Christians and Boring Parties: Love Wins Ch. 7

I can't believe churches actually have signs like this

I had a law teacher in high school who would never tell us what he thought about a given subject and it really annoyed me. I just wanted hear what he believed because I respected his opinion. But for whatever reason, he wouldn’t come out and give us his opinion. I guess he was training us to think. In this chapter I really wanted Rob to clearly state his opinion on hell but he dodged a clear answer. I know some hate this, and I do sometimes, but it has actually caused me to think about what I believe about hell. A clear answer would not have helped me wrestle with doubts and ideas about God that don’t seem to line up. This is one of the reasons why I think Rob’s books should be read in community instead of isolation so we can learn and dialogue with each other.

In chapter seven, Bell focuses on the story of the Prodigal Son and what this tells us about God’s story. He remains true to the context of the story until he makes the jump to talking about heaven and hell.  This is where I think Rob might be stretching the story a little too much. He says that in Christianity heaven and hell are separated but in this story they are intertwined. He writes, “In this story, heaven and hell are within each other, intertwined, interwoven, bumping up against each other.” Rob seems to be talking about the heaven/hell that is present in our world now, but some could take it the other way. I also did not hear Bell talk about how the prodigal son made the decision to return home. The father’s love did not depend on whether he came home or not, yet the son does return home and the father runs out to meet him. In using this parable, I think it is important that the son realized his error and made the decision to return home.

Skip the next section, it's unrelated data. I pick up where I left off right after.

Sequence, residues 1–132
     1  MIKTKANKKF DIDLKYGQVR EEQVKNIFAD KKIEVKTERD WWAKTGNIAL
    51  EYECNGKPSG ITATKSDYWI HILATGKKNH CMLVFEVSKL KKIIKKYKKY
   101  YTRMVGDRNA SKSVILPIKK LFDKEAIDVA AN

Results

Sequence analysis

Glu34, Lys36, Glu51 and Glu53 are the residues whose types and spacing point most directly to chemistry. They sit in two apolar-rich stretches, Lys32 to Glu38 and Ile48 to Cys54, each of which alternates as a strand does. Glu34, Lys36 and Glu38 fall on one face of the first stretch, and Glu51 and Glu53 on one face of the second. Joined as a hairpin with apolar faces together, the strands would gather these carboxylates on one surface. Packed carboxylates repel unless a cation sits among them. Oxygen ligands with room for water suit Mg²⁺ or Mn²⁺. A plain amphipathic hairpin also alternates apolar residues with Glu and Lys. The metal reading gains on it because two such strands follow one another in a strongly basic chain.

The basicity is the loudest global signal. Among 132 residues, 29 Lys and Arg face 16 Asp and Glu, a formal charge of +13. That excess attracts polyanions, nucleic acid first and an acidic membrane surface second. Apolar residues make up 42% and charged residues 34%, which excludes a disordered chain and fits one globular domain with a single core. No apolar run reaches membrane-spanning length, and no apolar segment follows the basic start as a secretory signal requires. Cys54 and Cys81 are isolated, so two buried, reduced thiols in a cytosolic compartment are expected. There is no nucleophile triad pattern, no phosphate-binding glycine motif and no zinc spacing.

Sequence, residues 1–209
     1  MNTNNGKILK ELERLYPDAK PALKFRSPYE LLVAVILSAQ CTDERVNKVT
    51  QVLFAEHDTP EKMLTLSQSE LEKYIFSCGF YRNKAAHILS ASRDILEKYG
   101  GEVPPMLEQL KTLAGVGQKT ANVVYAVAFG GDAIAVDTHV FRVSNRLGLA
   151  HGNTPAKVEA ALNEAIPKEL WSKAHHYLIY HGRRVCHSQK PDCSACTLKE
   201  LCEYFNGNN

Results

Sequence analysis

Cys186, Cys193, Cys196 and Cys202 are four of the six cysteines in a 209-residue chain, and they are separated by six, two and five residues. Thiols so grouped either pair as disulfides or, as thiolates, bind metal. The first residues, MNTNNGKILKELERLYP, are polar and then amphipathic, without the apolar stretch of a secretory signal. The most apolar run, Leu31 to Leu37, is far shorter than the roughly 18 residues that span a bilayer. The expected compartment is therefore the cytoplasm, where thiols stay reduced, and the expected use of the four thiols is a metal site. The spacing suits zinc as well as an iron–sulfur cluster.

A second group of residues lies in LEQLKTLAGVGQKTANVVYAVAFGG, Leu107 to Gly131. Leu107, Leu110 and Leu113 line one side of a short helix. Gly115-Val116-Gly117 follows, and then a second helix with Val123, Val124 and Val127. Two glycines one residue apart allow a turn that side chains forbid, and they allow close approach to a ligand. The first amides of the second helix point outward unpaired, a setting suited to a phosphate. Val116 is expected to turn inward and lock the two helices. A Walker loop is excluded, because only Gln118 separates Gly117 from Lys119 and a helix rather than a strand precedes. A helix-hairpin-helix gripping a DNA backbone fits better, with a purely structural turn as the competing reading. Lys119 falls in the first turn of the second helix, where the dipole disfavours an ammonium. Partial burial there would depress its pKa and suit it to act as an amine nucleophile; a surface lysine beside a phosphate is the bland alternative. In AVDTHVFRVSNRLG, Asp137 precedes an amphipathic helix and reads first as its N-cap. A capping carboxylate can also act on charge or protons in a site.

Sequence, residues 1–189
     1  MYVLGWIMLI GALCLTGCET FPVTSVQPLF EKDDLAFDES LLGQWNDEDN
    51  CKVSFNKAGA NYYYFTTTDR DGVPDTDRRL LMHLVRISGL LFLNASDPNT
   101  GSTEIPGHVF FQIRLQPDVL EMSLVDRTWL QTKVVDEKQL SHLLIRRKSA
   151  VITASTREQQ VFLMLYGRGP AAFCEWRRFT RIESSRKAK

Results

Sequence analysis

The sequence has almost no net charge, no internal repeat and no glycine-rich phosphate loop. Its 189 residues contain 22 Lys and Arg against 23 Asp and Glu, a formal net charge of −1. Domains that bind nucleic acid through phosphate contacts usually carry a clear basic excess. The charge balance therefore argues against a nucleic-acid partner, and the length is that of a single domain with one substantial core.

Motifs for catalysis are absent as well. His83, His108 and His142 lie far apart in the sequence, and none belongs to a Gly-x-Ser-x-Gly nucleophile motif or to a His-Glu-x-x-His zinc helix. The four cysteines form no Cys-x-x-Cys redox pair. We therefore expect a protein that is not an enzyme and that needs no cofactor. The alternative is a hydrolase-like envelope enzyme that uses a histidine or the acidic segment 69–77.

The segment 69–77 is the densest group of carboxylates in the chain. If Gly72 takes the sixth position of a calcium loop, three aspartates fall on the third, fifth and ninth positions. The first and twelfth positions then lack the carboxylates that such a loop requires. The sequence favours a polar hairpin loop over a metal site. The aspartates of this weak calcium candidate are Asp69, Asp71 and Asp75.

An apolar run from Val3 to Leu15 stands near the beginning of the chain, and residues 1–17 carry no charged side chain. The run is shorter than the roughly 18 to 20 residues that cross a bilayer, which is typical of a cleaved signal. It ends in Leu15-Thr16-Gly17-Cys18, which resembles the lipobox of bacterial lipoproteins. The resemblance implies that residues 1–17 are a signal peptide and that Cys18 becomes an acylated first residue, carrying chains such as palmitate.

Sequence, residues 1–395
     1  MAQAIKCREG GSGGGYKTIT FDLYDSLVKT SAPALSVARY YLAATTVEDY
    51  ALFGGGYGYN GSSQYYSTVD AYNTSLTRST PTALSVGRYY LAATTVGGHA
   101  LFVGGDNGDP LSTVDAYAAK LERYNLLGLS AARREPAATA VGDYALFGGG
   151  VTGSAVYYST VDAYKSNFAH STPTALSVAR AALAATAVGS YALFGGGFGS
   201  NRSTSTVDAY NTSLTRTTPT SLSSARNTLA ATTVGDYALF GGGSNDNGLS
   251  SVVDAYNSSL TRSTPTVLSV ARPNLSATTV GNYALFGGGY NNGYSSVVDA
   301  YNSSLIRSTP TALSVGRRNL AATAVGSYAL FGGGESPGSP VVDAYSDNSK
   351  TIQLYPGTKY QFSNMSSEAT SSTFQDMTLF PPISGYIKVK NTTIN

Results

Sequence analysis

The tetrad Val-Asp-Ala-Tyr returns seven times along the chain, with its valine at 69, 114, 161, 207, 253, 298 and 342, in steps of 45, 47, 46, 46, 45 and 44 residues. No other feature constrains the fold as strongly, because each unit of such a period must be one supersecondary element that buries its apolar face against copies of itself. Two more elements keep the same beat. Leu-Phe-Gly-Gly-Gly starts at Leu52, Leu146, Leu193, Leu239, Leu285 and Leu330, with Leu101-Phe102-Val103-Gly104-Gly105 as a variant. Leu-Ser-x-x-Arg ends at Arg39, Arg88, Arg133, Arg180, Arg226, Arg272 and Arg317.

Bell then confronts questions that some have about the character of God. How could a loving God send people to hell? Rob writes, “God would, in essence, become a fundamentally different being to them in that moment of death, a different being to them forever.” This idea didn’t sit well with me but I don’t have an easy way to explain it. Part of me just doesn’t want to think about it but that isn’t the right path either. How do we explain a loving God sending people to hell?

“So when the gospel is diminished to a question of whether or not a person will ‘get into heaven,’ that reduces the good news to a ticket, a way to get past the bouncer and into the club. The good news is better than that. This is why Christians who talk the most about going to heaven while everybody else goes to hell don’t throw very good parties,” explains Bell. I fundamentally agree with Rob’s assessment here. Following Christ is not just about getting into heaven but joining his unfolding story now. I have seen too many get their “golden ticket” to heaven and then just go back to their normal lives. To use Rob’s phrase, the good news is better than that. I have also seen Christians slave away like Bell mentions trying to earn God’s favor. They are not happy people. I would not want to party with them. The good news is better than that!

The last chapter review is next and I will show you an ironic typo at the end of this book.

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About joelnewton

I am a husband to Hillary, a father to Anna and Norah

Posted on April 22, 2011, in Book Reviews and tagged , , . Bookmark the permalink. 1 Comment.

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